James Moushon enjoys wearing three hats

Game of Fire by James MoushonJames Moushon and I met at the Tucson Festival of Books in 2013. James recently released his third Jonathon Stone Mystery, “Game of Fire.” In “Game of Fire,” CIA agent Jonathon Stone is brought up against his old nemesis, Tay Minh, when the investigation into an arson fire indicates it might have been an act of terrorism.

When asked why he wrote “Game of Fire,”  James said, “There still remains a huge divide between the North and South Vietnamese immigrates. Each year someone in the Garden Grove area (Little Saigon) of California will fly the North’s flag or display a picture of Ho Chi Minh and violence will occur.”

“The story is based on the Anti-Ho Chi Minh protest during the New Year celebrations of 1999,” said James. “A Vietnamese-American video store owner caused controversy when he displayed in his store a portrait of Vietnamese communist revolutionary leader Ho Chi Minh. Several demonstrations came close to a full scale riot in front of the store.”

Born in Illinois and a graduate of Bradley University in Peoria, James helped lead the startup of the electronic forms industry in its early days. That background of providing an industry with published literature, software products, and training seminars, eventually led James to seek a more creative outlet. He said, “I am currently wearing three hats. I am a mystery writer, a book publishing blogger and a computer consultant.”

Even though the Jonathon Stone mysteries have a CIA operative as the protagonist, they are written in the style of cozy mysteries, i.e., no graphic sex, violence, or language. James pulls on his computer background to make them as accurate as possible. He said, “I do a lot of research. Coming from a computer background, I handle all my writing chores with a database system and some custom programming I threw together. Story lines, character profiles and even common editing problem-areas are neatly controlled. I even use my own software to do the ebook conversion to check out how the ebook format will appear on the various ebook devices.”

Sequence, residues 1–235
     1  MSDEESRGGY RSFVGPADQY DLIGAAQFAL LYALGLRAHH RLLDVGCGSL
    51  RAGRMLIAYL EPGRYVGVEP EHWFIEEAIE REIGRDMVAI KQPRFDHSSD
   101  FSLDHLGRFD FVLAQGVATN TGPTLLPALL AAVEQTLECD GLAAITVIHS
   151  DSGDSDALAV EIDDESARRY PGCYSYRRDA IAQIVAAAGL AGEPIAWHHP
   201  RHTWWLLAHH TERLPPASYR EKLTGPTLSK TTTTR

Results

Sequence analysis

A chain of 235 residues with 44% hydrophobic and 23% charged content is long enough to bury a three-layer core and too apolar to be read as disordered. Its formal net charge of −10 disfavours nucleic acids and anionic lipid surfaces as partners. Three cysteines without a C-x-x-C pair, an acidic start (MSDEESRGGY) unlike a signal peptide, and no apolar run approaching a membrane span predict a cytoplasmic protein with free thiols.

James is also concerned that the locations he describes in his books are accurate. “The places I use in my books are places I have firsthand knowledge, backed by a detailed study. I lived in the area the story takes place and the scenes are really snapshots of the good times I had there. I tried to stay away from LA and concentrate on some of the little-known sections like Belmont Shore, Huntington Harbour, Signal Hill and, of course, Little Saigon.”

Book summary

An explosion and fire rocks a Southern California mall and it is quickly determined to be arson. The timing of the incident is special because it interrupts the Tet New Year’s Festival and Parade in Little Saigon, an area just east of Long Beach.

Enter veteran CIA Agent Jonathon Stone. Already in pursuit of the gunrunning Minh family, he connects with a special FBI task force to assist in the investigation of the explosion and Minh quickly becomes their number one suspect.

Stone teams up with FBI Agent Jodi Shannon to pursue the people behind the arson fire. Jodi is a serious, no nonsense agent who leads the FBI Arson Task Force. While she fights to solve the mystery, she also fights Stone’s advances. As always, he tries to mix business with pleasure.

More information

James Moushon runs three blogs as well as his own website. Those sites are:

Website – http://www.jamesmoushon.com/

Blogs:

eBook Authors Corner – http://bit.ly/TauYkJ

HBS Author’s Spotlight – http://bit.ly/QVEMix

HBS Mystery Reader’s Circle – http://bit.ly/19Nfrx8

McKenna checks out the hotel phone call scam

iStock_000024086772LargeThe hotel phone call scam is back in business. A friend of mine just told me how her son received a phone call in the middle of the night while he was staying at a hotel. Sometime in the middle of the night, the phone in her son’s hotel room rang and he was told that there had been a “glitch” in the computer system. The caller was apologetic, but explained how all of the credit card numbers had been lost and the hotel needed to reconstruct the billing information.